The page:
Java Reference
In-Depth Information
Java provides another keyword for dealing with concurrent access to data. This is
the volatile keyword, and it indicates that before being used by application code,
the value of the field or variable must be reread from main memory. Equally, after a
volatile value has been modified, then as soon as the write to the variable has com‐
pleted, it must be written back to main memory.
One common usage of the volatile keyword is in the “run-until-shutdown” pat‐
tern. This is used in multithreaded programming where an external user or system
needs to signal to a processing thread that it should finish the current job being
worked on and then shut down gracefully. This is sometimes called the “Graceful
Completion” pattern. Let's look at a typical example, supposing that this code for
our processing thread is in a class that implements Runnable :
private volatile boolean shutdown = false ;
public void shutdown () {
shutdown = true ;
public void run () {
while (! shutdown ) {
// ... process another task
All the time that the shutdown() method is not called by another thread, the pro‐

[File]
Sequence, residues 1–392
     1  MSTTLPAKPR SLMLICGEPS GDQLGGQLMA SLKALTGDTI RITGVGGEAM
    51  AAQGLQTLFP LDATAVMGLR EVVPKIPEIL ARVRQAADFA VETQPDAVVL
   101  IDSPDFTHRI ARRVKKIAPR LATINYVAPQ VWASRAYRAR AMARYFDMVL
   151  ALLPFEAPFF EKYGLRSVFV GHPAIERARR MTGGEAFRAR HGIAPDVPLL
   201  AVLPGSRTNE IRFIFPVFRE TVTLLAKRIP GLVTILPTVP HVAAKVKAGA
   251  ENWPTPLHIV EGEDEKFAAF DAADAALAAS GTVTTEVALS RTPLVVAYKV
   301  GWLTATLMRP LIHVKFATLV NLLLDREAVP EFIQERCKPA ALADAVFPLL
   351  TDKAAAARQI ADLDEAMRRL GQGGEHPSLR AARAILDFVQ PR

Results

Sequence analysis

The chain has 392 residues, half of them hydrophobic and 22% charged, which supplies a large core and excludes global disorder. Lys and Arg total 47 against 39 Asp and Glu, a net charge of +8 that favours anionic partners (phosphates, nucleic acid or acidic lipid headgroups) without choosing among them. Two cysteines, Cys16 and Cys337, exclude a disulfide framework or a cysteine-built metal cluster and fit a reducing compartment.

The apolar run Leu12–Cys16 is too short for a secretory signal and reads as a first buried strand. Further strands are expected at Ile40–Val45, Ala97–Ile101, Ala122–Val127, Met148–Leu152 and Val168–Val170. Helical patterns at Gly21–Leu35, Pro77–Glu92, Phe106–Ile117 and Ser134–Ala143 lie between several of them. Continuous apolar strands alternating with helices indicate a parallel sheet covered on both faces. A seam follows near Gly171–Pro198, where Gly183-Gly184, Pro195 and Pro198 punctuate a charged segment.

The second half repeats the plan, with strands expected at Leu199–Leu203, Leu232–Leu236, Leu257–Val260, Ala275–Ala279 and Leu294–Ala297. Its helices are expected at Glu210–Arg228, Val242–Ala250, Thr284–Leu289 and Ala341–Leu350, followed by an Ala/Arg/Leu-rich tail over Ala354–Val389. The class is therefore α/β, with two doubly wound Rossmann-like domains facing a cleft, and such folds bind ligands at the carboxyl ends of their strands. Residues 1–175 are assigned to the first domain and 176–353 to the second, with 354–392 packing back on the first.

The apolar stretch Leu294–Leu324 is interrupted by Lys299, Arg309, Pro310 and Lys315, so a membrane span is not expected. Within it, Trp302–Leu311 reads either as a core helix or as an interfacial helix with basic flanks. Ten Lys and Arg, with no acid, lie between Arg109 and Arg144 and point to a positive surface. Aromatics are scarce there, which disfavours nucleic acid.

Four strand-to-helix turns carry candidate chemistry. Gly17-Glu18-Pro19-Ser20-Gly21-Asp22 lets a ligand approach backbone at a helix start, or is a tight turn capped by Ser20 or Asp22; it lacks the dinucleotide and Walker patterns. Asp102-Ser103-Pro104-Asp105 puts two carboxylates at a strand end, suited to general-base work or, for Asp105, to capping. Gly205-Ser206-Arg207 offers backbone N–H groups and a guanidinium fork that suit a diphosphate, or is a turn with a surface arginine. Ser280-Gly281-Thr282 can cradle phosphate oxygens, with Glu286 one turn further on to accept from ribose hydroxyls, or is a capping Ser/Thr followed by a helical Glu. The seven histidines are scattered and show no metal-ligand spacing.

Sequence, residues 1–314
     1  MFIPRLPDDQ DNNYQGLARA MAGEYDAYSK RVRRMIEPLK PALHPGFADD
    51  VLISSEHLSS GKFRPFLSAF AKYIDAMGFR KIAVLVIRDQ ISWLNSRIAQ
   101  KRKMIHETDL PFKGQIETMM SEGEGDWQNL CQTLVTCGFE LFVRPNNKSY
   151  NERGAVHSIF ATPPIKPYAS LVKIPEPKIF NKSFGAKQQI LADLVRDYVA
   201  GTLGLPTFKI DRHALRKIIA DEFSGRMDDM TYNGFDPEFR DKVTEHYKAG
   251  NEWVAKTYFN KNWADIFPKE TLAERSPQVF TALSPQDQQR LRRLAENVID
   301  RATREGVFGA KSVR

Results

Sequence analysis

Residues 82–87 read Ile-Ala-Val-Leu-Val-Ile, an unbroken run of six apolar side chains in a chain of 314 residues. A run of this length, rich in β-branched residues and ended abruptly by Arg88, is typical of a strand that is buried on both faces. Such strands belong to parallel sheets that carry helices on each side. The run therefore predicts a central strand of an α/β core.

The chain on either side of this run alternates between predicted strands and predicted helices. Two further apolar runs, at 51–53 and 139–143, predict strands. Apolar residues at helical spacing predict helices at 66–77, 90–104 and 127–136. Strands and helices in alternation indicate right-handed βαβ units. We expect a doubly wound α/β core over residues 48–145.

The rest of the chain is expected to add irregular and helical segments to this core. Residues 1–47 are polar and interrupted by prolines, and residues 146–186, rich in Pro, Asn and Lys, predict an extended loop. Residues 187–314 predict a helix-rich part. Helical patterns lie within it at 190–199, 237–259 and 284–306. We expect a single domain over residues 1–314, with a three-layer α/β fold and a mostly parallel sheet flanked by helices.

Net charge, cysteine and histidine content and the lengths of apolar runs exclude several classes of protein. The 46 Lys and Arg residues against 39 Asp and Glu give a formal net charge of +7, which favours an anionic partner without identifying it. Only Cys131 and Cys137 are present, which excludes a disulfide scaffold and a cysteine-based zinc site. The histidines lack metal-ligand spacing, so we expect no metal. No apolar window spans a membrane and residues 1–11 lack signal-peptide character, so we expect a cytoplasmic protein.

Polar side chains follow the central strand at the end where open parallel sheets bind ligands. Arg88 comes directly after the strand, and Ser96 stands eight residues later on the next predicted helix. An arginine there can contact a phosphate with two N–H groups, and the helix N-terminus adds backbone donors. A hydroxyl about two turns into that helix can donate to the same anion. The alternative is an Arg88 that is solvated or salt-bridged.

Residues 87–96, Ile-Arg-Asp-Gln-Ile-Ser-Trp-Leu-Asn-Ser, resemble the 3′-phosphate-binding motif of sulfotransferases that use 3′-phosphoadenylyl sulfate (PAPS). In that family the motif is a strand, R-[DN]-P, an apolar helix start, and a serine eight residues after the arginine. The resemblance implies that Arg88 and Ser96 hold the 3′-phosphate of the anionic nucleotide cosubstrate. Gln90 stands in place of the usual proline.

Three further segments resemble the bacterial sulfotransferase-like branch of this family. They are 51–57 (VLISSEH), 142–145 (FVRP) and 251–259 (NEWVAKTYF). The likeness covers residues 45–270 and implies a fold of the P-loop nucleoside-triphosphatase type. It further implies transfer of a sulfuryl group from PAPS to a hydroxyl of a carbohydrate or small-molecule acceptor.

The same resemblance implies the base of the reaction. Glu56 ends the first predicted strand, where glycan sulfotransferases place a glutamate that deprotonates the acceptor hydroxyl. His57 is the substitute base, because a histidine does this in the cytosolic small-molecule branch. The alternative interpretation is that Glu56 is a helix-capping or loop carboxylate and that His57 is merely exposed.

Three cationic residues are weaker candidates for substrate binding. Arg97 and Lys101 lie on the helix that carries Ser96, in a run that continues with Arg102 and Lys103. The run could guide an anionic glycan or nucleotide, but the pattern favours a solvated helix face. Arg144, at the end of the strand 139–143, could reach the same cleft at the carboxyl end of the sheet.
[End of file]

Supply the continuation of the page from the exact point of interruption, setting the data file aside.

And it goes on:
cessing thread continues to sequentially process tasks (this is often combined very
usefully with a BlockingQueue to deliver work). Once shutdown() is called by
another thread, then the processing thread immediately sees the shutdown flag
change to true . This does not affect the running job, but once the task finishes, the
processing thread will not accept another task and instead will shut down gracefully.
y d
Useful Methods of Thread
When creating new application threads, the Thread class has a number of methods
on it to make the programmer's life easier. This is not an exhaustive list—there are
many other methods on Thread , but this is a description of some of the more com‐
mon methods.
This method returns the ID number of the thread, as a long . This ID will stay the
same for the lifetime of the thread.
getPriority() and setPriority()
These methods are used to control the priority of threads. The scheduler decides
how to handle thread priorities—for example, one strategy could be to not have any
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